Avoiding sun exposure — a requirement with certain prescriptions — presents a problem sometimes. Since I normally burn in 15-20 minutes and am afraid to find out what a medicine that makes me more photosensitive would do, I usually use lots of sunscreen and stay out of the sun. Sunscreen use is important, but not a cure-all for photosensitivity. When outdoors, it’s important to find (or create) shade.
This past spring and summer I found avoiding the sun especially challenging since my boys played baseball. Outdoors. Every. Day. High school baseball began in March and ran through mid-May, while community league for my younger son began in April with games in May and June, followed by five weeks of all-stars tournaments, culminating in July’s playoffs. August saw even more time out in the sun after invitations to turn out for fall ball. To avoid some serious photosensitivity rashes/blisters, watching my kids play baseball has required some creativity.
I present to you (drum roll…)
The Baseball Chair
Unlike commercial portable chairs, my awning extends out to the sides, in front, and behind for extra shade. It has a flap to block evening sun from the back, as well as flaps that can hang down on the sides when needed.
I can’t tell you the number of parents who approached me and asked about my chair – where I got it, where they could find plans, if I’d make one for them, if they could snap photos and try to make their own…
If you want to make your own chair to watch kids’ sports outdoors without breaking out in hives, this is easy to build. It has to be for me to make it. As to cost, I can’t say since I used materials I had on hand: old PVC pipe and decorator fabric that is now hopelessly out of style. The base and uprights are made from Schedule 40 so it’s nice and strong, as is the back bar of the awning. The sides and front of the awning are of the lighter-weight Class 200 PVC.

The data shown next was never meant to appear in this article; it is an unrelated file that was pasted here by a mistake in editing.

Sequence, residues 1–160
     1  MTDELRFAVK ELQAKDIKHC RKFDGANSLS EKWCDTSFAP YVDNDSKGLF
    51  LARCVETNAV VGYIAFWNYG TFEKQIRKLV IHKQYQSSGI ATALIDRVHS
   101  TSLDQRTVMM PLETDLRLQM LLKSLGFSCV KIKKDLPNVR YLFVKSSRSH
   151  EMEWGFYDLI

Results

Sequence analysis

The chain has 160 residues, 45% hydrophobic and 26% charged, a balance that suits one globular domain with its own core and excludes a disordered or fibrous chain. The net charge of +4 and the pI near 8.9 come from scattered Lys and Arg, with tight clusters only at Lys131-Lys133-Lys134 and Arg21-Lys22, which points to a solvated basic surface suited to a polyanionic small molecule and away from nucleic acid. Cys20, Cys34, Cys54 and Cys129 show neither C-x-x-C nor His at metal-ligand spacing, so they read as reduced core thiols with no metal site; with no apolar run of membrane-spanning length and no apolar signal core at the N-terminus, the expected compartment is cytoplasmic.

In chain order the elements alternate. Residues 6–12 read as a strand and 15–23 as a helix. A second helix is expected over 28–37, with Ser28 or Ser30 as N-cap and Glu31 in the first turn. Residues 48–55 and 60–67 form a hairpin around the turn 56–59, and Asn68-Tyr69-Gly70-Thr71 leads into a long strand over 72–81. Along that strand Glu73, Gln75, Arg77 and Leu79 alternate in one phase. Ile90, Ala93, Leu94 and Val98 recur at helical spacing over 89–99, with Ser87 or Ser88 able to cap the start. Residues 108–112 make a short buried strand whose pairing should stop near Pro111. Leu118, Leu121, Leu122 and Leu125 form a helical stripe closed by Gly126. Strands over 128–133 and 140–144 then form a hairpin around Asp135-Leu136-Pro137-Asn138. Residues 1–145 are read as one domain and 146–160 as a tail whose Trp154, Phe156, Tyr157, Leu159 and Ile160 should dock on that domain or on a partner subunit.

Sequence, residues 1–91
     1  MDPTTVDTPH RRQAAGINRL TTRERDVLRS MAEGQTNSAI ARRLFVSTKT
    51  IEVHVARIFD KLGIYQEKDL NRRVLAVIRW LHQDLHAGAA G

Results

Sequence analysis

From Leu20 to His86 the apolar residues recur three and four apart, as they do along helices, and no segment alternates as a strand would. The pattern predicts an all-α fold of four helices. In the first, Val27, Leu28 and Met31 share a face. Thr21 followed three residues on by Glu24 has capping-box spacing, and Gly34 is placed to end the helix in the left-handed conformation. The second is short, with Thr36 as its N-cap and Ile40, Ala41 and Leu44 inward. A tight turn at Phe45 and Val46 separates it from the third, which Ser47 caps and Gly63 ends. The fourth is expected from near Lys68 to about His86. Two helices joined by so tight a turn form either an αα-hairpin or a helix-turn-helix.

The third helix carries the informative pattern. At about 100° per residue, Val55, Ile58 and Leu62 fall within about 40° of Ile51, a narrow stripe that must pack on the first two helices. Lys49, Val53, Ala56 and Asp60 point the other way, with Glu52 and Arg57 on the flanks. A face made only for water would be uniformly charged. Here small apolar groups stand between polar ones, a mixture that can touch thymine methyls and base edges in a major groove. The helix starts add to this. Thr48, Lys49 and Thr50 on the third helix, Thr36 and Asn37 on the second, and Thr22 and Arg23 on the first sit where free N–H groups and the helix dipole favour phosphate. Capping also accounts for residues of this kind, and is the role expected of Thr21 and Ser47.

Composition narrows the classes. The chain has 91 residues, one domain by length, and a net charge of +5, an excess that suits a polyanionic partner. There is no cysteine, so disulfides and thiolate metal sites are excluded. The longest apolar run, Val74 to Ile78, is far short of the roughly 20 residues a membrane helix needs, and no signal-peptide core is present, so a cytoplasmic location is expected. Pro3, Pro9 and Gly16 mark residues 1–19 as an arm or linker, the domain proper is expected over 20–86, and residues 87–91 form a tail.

Notice the handy pockets added to the sides. These are especially nice for holding pencils, the scorebook, snacks, etc. I want to add a cup holder to one of the uprights, and am looking for a battery-operated fan — that would have been really nice during some of those extra-hot games.
Since I live in western Washington where we are noted for our liquid sunshine, I made a rain fly for the chair, too. That aspect of the chair still needs some fine-tuning, but I can attest to the fact that it kept me and the scorebook dry during a few games that were eventually cancelled a few innings later than they should have been.
- (8) 90-degree elbows
- (4) 45-degree elbows
- (4) T’s for the awning
- (2) T’s for each side you want to hang a pocket on
- (2) long bolts (must be longer than 2x pipe diameter)
- (6) washers
- (2) acorn nuts (rounded caps to completely cover the ends of the bolts)
- PVC pipe – exact lengths depend on how tall you are, so I won’t give dimensions
- canvas or strong fabric – you’ll get much better shade if you use a double-layer
- clear plastic, optional
A few tips I discovered: regulations change frequently, and plumbers end up with pipe in the warehouse that they can’t use. Sometimes they’re willing to give it away if you catch them on the right day and ask nicely. This is not true of the big box stores where you buy materials for do-it-yourself projects. If you must purchase connectors (T’s and elbows), they’re less expensive in packs of 10. Some PVC will not stand up to sun exposure, so it’s important to use the right type.